REALTOR® Attorney Joint Committee, originally published in the August issue of ELEVATE Magazine.

By: Lisa Gonzalez Moore, Attorney, LGM Law, PLLC

The first time it happened, I assumed it was an anomaly. My client, the seller in a residential transaction that I had been engaged to assist with negotiation, had changed her mind about moving out of state, and flatly refused to close. However, not much time had passed when another seller in a residential transaction for which my firm was acting as settlement agent, for personal reasons not disclosed to me, also decided that she did not want to proceed to closing pursuant to the terms of the executed contract.

While the market is arguably in a period of change resulting in a potential diminution of sellers’ negotiating leverage, lessons gleaned from a time period in which sellers were treating their performance of their obligations pursuant to an executed contract as optional should be gleaned as we navigate the continued changes in the residential real estate market. Brokers and Realtors® should set expectations for their seller customers at the onset of negotiations and caution their buyer customers about their choices in the face of a defaulting seller.


The listing agreement is a binding contract between the broker and the seller once signed. Sellers should note that under the customary terms governing when the broker is due compensation, commonly the listing agreement will include terms that mandate that compensation is due upon the seller’s default of an executed sales contract. Dispute resolution terms often include mandatory arbitration to resolve conflicts among the broker, seller, and sales agent, and that the cost of such arbitration shall be split among the parties to the exclusion of attorney fees to the prevailing party.

The FR/BAR As-Is and Residential Contract form bases provide that upon seller default, the buyer may seek to recover damages resulting from the seller’s breach or specific performance. Specific performance is an equitable remedy that allows a court to order a breaching party to complete his or her side of the real estate contract. The mere filing of a suit for a specific performance (regardless of its ultimate success or the merits) can potentially tie up your property for several years, with or without the existence of a Lis Pendens. The reason is simple. It is virtually impossible to obtain title insurance necessary to convey title while an action for specific performance is pending. In effect, this can be a form of “legal blackmail.” Sellers who wish to cancel should understand that if the buyer pursued this course of action, they will not avoid addressing the buyer before marketing the property to other potential buyers.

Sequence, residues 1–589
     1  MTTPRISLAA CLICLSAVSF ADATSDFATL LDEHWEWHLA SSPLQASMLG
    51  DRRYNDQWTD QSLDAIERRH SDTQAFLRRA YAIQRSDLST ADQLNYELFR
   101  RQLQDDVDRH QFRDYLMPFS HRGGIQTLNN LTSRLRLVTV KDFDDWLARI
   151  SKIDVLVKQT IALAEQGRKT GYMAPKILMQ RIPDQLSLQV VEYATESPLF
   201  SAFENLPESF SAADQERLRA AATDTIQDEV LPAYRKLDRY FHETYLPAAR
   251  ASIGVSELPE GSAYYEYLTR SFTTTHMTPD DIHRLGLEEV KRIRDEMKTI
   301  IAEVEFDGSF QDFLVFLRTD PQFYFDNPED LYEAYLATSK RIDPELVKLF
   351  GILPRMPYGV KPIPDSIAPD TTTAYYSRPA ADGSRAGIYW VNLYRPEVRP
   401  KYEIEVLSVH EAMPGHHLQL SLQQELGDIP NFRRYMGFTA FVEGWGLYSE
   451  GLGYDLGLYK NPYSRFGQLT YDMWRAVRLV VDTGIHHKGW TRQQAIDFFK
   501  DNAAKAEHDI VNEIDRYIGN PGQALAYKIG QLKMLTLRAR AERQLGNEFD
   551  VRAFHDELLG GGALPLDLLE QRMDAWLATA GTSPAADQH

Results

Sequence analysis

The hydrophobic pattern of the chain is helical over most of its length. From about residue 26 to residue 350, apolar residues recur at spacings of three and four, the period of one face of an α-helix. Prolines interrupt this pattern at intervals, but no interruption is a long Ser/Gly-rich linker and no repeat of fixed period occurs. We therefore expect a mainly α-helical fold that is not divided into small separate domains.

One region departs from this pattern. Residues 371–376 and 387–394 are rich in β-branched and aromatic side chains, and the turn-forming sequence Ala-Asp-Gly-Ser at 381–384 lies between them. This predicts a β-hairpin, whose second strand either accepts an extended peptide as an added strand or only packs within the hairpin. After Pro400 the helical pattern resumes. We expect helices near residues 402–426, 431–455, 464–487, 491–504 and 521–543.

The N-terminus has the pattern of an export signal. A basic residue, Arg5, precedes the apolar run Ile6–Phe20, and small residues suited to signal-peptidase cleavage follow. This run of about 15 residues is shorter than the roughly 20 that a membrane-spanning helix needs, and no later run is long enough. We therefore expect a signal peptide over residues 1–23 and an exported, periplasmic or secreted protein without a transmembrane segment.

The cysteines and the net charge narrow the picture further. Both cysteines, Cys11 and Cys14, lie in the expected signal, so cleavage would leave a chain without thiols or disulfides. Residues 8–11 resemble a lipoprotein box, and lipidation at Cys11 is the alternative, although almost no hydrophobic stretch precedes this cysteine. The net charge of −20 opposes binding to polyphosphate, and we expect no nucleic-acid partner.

Many times, when a party to a transaction is frustrated by a perceived lack of good faith or breach of contract, it comes as a shock to such party that the settlement agent cannot immediately rectify the breach or wrong doing on their behalf. Litigating your rights under a contract that the other party has breached can be emotionally and monetarily draining as well as time-consuming without a firm guarantee that such party will be content with the ultimate outcome. Additionally, it is imperative that the buyer has performed under the terms of the contract; that is, the buyer must have tendered the consideration and executed their closing documents. When a buyer is also obtaining financing for the purchase, tendering can be a potential stumbling block to a successful specific performance suit.


If the residential real estate market continues to skew leverage to the side of the seller, we may see sellers increasingly gamble with breach for a myriad of reasons and goals. Sellers should be aware of the risks they face with the marketability of the property. Buyers should be aware that enforcing their rights under the terms of the contract will naturally include frustration at increased costs associated with litigating a specific performance suit, but unfortunately, sellers may continue to breach contracts without impunity if most buyers in a seller default situation choose to cut their losses and accept the return of their deposit in lieu of seeking legal representation to enforce the terms of the contract.

This article is meant for educational purposes only. It is not intended to serve as legal advice and should not be used as a substitute for consultation with an attorney.